September 6, 2013
Spectacularly Bright Fireball Over Tennessee Confirmed By NASA
[ Watch The Video: Bright Meteor Captured Over Georgia/Tennessee ]
Brett Smith for redOrbit.com - Your Universe Online
Typically, there isn’t much to see in the predawn hours of a Wednesday morning in the Southeast US. However, on August 28, those who happened to be awake and outside at 3:27 a.m. in northern Georgia and Tennessee were treated to the spectacle of a short-lived yet massive fireball that out-shown the moon.
“Recorded by all six NASA cameras in the Southeast, this fireball was one of the brightest observed by the network in 5 years of operations,” wrote Bill Cooke, NASA’s head of the Meteoroid Environment Office at NASA's Marshall Space Flight Center in Huntsville, Ala.
“From Chickamauga, Georgia, the meteor was 20 times brighter than the Full Moon; shadows were cast on the ground as far south as Cartersville.”
According to Cooke, the meteor that caused the fireball was about 2 feet in diameter and weighed around 100 pounds. After entering the Earth’s atmosphere high above the Georgia-Tennessee border near Chattanooga, Tennessee, the meteor streaked northeast at 56,000 miles per hour and began to break apart northeast of Ocoee at a height of about 33 miles above the Earth's surface. A second fragmentation event took place less than half a second later.
“NASA cameras lost track of the various fireball pieces at an altitude of 21 miles, by which time they had slowed to a speed of 19,400 mph,” Cooke wrote. “Sensors on the ground recorded sound waves (“sonic booms”) from this event, and there are indications on Doppler weather radar of a rain of small meteoritic particles falling to the ground east of Cleveland, Tennessee.”
While the Georgia-Tennessee fireball was a unique event for its exceptional brightness, our planet is bombarded with more than 100 tons of material from outer space every day. Most of it consists of grains of dust and bits of asteroids or comets that burn up safely in the atmosphere, occasionally creating shooting stars in the process.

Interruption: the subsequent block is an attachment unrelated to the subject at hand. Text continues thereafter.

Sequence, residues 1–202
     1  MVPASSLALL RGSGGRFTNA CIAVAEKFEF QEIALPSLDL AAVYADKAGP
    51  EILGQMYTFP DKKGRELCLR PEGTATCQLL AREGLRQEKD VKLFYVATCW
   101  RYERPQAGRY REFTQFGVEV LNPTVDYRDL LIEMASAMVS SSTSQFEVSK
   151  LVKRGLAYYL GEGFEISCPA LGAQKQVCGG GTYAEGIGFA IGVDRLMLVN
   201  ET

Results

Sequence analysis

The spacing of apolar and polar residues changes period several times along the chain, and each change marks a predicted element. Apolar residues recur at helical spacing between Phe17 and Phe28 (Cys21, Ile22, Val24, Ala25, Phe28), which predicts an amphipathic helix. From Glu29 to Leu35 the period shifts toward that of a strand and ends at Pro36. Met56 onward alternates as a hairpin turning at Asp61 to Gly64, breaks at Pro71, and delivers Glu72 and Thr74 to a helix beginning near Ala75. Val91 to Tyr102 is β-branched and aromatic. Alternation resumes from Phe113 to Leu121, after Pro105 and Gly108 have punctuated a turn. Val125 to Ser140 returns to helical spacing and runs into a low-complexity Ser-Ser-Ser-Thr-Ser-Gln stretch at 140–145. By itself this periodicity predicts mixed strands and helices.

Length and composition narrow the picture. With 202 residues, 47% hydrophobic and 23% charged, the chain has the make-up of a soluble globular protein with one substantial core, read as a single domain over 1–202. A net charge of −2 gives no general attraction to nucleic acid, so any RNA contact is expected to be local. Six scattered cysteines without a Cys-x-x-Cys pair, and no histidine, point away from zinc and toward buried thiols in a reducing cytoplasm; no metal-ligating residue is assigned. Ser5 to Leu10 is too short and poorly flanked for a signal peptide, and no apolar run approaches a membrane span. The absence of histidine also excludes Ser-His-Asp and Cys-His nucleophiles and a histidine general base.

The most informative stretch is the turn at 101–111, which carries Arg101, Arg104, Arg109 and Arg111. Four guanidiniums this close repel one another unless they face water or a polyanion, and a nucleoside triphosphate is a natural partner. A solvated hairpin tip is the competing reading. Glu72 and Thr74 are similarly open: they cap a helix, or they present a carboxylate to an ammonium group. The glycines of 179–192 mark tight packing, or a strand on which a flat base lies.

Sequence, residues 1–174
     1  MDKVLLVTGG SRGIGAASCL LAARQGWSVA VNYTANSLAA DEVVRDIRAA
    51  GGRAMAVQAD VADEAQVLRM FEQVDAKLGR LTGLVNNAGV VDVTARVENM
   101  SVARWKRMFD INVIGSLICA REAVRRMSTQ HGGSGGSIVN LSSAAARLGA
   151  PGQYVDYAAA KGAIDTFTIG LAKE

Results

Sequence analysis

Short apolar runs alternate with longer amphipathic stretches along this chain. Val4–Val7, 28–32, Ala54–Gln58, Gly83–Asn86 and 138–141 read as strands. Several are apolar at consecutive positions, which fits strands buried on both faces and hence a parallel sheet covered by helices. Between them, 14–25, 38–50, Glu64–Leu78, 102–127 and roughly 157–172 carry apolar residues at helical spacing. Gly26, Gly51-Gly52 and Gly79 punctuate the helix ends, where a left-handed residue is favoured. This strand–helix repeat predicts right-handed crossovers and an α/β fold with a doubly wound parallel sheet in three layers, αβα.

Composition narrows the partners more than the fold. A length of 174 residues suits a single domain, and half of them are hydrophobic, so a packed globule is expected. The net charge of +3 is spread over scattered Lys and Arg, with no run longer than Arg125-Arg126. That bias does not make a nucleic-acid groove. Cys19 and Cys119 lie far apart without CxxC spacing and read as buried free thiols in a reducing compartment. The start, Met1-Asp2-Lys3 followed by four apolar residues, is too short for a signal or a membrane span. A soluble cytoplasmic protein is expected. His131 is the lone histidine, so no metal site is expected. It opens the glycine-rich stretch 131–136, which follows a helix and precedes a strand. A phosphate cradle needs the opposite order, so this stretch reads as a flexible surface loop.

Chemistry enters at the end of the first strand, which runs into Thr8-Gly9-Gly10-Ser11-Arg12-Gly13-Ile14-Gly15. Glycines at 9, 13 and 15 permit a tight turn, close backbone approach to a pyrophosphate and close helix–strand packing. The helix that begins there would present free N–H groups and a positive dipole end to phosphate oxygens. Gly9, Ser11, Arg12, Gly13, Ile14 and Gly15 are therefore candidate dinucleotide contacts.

A meteor is considered to be a fireball if it blazes more brightly than Venus in the sky. NASA uses its network of cameras to record and study fireballs in an attempt to understand of where they are coming from. NASA has said that information on even the smallest of meteorites can be useful to spacecraft designers.
“Even the slowest meteors are still traveling at 10 miles per SECOND, which is much faster than a speeding bullet,” according to a statement by the American Meteor Society.
According to “pending” reports on the society’s website, another significant meteor streaked across the night sky Wednesday in the Mid-Atlantic region of Virginia and Pennsylvania. If a large object did enter the atmosphere above those states it would have been picked up by NASA’s All-sky Fireball Network. The network is currently made up of a dozen cameras: six spread across Alabama, Georgia, North Carolina and Tennessee; and two apiece in Ohio, Pennsylvania and New Mexico.
One confirmed object that lit up the March night sky over Washington, DC earlier this year was described by Cooke as a "single meteor event" that was “as bright as the full moon.”
Of course the most famous fireball event to take place this year was the now infamous meteor explosion over Russia's Ural Mountain region that lit up the post-dawn sky and created a window-shattering sonic boom.